Studying live cells from EB wound dressings provides new insights into healing
Researchers studying epidermolysis bullosa (EB), using the unusual approach of collecting live cells from discarded wound dressings, have discovered new insights about the condition which could lead to new approaches to treatment and better wound healing.
“Studying wound healing in humans is very challenging, and we know very little about the process in humans,” said Andrew South, PhD, one of the lead authors on the research, in a press release. “What we do know is from animal studies, and animal skin and the way it heals is very different from human skin.”
Dr. South is an associate professor in the Department of Dermatology and Cutaneous Biology at Thomas Jefferson University, Philadelphia.
The research is published online in Scientific Reports (Sept. 15, 2020).
One challenge in treating EB is predicting which wounds will heal on their own, and which will not, Dr. South noted. Taking biopsies is impractical as it is painful for the patient and may slow wound healing even further.
As a potential alternative approach, researchers—including collaborators from Chile and Austria—collected and analyzed 133 discarded wound dressings from 51 EB patients. Samples were collected from both acute and chronic wounds. They defined acute wounds as those that had been present for 21 days or fewer, and chronic as wounds that had been present for more than three months.
This study differed from prior research that collected samples from discarded dressings.
“Previous studies had used wound dressings or bandages to collect fluid and look at what proteins are in there,” said Dr. South. “But no one has actually looked at what cells are present. Applying the techniques our lab frequently uses, we were able to isolate viable or living cells from the dressings.”
The researchers recovered a large number of cells from the dressings, often more than 100 million. The larger the wound, and the more time a dressing was on a wound, the more cells were recovered, according to the release.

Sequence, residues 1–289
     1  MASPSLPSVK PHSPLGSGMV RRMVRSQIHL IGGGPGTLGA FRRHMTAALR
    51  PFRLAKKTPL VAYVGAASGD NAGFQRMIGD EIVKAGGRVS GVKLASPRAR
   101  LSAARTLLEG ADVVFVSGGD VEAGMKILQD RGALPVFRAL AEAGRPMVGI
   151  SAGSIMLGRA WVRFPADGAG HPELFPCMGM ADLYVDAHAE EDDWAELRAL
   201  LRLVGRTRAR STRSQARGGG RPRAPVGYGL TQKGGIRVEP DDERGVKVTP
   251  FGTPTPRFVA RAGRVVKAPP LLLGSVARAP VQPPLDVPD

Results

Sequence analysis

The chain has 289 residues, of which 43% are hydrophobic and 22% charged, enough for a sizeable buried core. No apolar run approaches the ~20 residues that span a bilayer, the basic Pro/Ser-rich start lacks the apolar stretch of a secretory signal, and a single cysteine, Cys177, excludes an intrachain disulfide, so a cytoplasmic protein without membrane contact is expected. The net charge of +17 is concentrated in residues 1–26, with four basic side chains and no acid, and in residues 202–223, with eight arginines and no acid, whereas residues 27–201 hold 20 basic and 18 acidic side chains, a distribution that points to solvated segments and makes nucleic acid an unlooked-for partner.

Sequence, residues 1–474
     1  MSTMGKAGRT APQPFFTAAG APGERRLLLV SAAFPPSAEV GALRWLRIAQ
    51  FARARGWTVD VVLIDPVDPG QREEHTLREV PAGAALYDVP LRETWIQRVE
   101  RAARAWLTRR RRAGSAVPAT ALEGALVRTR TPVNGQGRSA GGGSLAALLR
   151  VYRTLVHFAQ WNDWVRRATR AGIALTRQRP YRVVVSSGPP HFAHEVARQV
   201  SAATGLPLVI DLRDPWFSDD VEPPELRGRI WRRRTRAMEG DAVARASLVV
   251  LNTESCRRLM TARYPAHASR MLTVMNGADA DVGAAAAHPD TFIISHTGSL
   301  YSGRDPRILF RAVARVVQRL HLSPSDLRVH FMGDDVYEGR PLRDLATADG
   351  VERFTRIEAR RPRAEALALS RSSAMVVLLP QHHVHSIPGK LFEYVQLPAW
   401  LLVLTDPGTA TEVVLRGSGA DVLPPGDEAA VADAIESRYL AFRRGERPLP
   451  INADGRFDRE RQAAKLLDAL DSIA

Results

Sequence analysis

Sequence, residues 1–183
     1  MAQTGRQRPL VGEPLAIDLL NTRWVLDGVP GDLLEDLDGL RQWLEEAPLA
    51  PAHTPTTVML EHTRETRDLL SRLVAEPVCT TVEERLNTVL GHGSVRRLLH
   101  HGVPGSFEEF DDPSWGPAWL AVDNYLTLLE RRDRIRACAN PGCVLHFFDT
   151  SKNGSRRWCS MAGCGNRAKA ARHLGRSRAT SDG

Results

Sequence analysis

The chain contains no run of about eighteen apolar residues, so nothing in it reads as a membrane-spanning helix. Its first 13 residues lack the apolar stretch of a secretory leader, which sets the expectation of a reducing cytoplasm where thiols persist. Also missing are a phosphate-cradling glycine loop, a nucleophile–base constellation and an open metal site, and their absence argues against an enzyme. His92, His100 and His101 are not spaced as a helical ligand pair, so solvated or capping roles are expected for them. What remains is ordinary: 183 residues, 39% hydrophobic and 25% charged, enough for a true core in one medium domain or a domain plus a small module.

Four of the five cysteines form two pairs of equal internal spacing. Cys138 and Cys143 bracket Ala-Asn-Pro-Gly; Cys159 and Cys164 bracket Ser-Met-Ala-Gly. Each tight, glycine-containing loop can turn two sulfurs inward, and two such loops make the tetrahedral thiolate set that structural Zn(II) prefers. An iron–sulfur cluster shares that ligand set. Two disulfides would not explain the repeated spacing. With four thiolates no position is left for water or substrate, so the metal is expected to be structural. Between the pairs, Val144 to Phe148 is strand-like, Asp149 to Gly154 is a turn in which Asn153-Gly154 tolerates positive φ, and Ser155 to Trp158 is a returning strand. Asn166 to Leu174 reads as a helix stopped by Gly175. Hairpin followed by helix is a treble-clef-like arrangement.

Collected samples were then characterized to see what type of cells were present in the wound. Dr. South and his colleagues detected a variety of immune cells including lymphocytes, granulocytes or neutrophils, and monocytes or macrophages.
The investigators found a difference between samples taken from acute wounds and those from chronic wounds. There was a significantly higher number of neutrophils at chronic wound sites.
“Previous findings from animal studies and protein analysis of human wound dressings had supported the idea that when neutrophils hang around longer than they should, that stalls the healing process and can lead to chronicity,” said Dr. South. “Our findings support that theory more definitively, by showing that chronic wounds are characterized by higher levels of neutrophils.”
In the release, the authors suggest that their findings give more insight into wound healing, and could help develop therapies that promote the process. They suggest this could include treatments that neutralize excess neutrophils, or recruit macrophages, which begin the next stage in healing after neutrophils.
The researchers now plan to expand on their technique, by further analyzing the individual cells collected from the wound dressings, and the genetic material inside them.
“Currently we are working with colleagues in Santiago, Chile on collecting dressings from EB patients over a period of time,” said Dr. South. “This allows us to follow patients longitudinally, and observe a wound and how its cellular composition changes as it heals or doesn’t heal.”
The team says they hope that this will reveal genetic markers that can predict healing or chronicity.
“This method of sampling could be an alternative to bothersome swabs or blood draws, which are especially hard to do in newborns,” said Dr. South. “Since we know EB can present at birth, this technique could give us really early insight into the how severe the disease might be.”
Dr. South and his colleagues hope that this technique can be applied to a variety of other conditions, such as diabetic foot ulcers and vascular leg ulcers.
“The field of wound healing has been crying out for a better understanding of what drives a chronic wound,” said Dr. South. “This technique could be transformative, and eventually help patients live more comfortable and healthy lives.”
This study was supported by the Chilean National Fund for Scientific and Technological Development (FONDECYT) Regular, grant number 1181093.